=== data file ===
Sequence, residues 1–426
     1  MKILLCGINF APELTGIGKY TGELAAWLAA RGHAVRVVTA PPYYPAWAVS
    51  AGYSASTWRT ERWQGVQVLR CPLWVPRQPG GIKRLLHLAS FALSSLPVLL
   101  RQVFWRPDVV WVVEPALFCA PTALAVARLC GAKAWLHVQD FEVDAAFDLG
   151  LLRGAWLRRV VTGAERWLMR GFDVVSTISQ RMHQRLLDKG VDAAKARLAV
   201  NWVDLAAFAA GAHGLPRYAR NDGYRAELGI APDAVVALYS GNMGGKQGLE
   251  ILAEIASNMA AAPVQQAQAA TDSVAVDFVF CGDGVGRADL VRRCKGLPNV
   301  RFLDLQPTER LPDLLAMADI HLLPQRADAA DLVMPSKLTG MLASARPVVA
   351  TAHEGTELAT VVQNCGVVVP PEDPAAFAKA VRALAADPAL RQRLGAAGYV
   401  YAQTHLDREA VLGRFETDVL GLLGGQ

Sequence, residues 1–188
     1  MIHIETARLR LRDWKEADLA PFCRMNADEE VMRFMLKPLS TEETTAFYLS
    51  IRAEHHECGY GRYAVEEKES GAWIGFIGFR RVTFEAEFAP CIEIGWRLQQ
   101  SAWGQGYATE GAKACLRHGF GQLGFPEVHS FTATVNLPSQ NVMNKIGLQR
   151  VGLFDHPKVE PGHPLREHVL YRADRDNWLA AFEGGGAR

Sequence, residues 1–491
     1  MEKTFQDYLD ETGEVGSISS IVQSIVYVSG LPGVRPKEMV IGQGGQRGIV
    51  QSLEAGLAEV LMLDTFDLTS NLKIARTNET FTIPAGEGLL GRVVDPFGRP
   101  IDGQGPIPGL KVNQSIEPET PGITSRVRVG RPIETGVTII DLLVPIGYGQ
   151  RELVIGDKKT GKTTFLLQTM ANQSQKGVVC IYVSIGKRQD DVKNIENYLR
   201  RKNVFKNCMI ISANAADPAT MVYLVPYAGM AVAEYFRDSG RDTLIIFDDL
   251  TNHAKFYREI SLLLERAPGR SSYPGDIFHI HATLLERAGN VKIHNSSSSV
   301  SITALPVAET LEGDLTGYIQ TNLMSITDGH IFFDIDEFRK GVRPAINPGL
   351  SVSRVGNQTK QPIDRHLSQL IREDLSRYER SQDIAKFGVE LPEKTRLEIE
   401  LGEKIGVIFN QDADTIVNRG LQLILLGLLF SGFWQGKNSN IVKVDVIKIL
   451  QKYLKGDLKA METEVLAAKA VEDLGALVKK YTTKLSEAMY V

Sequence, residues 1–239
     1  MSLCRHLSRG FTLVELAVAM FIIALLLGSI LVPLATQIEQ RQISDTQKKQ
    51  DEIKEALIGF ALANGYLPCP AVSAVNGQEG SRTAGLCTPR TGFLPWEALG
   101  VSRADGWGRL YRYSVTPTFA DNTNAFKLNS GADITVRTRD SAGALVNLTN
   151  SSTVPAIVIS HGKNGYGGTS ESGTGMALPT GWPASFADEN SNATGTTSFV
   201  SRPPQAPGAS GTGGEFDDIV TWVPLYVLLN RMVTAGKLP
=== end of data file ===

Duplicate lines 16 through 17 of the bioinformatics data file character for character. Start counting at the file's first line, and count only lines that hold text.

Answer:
Sequence, residues 1–491
     1  MEKTFQDYLD ETGEVGSISS IVQSIVYVSG LPGVRPKEMV IGQGGQRGIV